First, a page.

In August, Sole Engineer Jackson Pinney of 120-foot Nordhavn M/Y My Aurora was awarded the first Seahub Engineering Grant, which was offered to help yacht engineers with their development into the industry. There were more than 200 applicants.
Sam Wheaton, Seahub co-founder and former superyacht chief engineer, comments that it was great to see how many captains and chief engineers nominated engineers who they work with or have worked with. “Jackson is the ideal fit for what we wanted to do with the grant — get behind a young engineer who is keen to learn from school and those around him,” Wheaton says. The engineer, who first became superyacht crew in summer 2019, is planning to use the grant funds to go towards his USCG QMED.
The grant, which puts $3,000 towards engineering courses at the winner’s chosen school, gives access to Seahub’s database of 5,000 OEM manuals, provides PMS education, and taps into the company’s network of captains, engineers, yacht managers, and placement agencies. The Seahub team mentors the winner to help with everything from technical support, advice on best contractors, and everything yachting. The mentorship is long term for as long as the winner chooses to take advantage of it.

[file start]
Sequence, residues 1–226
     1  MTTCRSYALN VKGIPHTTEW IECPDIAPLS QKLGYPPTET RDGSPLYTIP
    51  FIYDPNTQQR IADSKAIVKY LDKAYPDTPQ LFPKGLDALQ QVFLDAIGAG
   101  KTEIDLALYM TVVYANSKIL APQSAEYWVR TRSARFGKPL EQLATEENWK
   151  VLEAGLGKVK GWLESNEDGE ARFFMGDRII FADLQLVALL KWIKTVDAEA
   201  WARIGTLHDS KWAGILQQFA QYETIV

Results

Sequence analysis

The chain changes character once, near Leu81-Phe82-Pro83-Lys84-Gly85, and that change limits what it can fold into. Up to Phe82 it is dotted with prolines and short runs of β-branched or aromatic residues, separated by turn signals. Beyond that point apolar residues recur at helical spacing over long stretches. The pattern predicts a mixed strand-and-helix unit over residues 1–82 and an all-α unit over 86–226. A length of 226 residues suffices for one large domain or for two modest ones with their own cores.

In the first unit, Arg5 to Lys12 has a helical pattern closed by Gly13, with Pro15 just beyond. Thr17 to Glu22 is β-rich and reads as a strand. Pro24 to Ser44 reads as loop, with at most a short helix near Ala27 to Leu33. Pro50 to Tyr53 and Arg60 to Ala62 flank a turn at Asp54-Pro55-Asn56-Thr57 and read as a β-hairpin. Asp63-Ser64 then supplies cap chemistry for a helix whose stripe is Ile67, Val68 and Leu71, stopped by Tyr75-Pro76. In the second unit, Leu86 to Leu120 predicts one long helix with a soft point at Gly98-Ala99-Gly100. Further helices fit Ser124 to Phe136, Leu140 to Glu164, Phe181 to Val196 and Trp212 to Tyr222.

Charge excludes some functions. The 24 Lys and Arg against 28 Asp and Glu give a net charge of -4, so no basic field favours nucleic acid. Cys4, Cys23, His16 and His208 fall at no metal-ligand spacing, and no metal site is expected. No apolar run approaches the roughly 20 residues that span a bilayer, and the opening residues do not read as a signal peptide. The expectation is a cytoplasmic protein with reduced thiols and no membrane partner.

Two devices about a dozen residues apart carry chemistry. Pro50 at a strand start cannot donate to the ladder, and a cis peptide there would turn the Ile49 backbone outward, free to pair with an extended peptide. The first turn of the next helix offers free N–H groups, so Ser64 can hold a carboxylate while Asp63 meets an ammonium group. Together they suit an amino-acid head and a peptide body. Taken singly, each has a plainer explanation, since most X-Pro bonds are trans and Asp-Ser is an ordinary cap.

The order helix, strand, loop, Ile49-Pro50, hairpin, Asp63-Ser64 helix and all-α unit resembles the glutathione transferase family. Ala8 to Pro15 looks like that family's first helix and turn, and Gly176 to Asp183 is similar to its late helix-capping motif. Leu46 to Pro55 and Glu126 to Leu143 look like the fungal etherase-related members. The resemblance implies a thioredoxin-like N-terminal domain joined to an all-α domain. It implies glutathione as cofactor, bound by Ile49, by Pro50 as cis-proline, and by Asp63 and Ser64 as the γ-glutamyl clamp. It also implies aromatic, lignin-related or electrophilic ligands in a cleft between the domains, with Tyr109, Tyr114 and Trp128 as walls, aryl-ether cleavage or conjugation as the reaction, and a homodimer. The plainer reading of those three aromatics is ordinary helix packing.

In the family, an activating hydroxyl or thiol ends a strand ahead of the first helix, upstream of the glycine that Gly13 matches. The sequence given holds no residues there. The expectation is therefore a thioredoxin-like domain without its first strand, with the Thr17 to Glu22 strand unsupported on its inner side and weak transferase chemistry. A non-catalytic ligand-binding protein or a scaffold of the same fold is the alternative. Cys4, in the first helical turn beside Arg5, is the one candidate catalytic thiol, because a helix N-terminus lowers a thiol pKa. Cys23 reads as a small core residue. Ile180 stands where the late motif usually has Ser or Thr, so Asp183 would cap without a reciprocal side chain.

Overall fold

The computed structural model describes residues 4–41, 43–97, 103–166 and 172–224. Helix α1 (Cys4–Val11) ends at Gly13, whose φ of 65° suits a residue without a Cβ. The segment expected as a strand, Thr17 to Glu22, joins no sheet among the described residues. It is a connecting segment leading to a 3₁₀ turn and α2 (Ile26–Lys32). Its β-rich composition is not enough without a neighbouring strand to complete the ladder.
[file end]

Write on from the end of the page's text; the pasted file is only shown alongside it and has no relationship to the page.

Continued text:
“Whether it is learning a new skill or countless hours of troubleshooting, there is always a problem to be solved,” Pinney says.
“When I first heard about the grant, I realized how rare of an opportunity it was,” Pinney says. “It is practically unheard of in the industry for grants and scholarships [to go] towards education,” he says. Calling Seahub a leader for how it supports the next generation of engineers, Pinney adds that he hopes this is a concept that hopefully starts a new trend of this happening more regularly.
“It’s a great feeling to know that I have the support and mentorship from these guys and their team. I hope more opportunities like this open up throughout the industry to help develop young crew just like Seahub has done for me. I hope to pay it forward to the next person somewhere down the line to continue what they started!”
This isn’t a casual career path that Pinney fell into. “Engineering has been a passion of mine because it allows me to live and work through curiosity, creativity, and always affords something new to learn. Whether it is learning a new skill or countless hours of troubleshooting, there is always a problem to be solved,” he says, adding, “Sometimes it can be fun and sometimes it can be exhaustive and hair-pullingly frustrating, but in the end, there is no better feeling than when you finally find the answer to a problem that truly challenged you.”
The company, a planned maintenance system designed specifically for the yachting industry, plans to make this an annual grant.
This column is taken from the October 2021 issue of Dockwalk.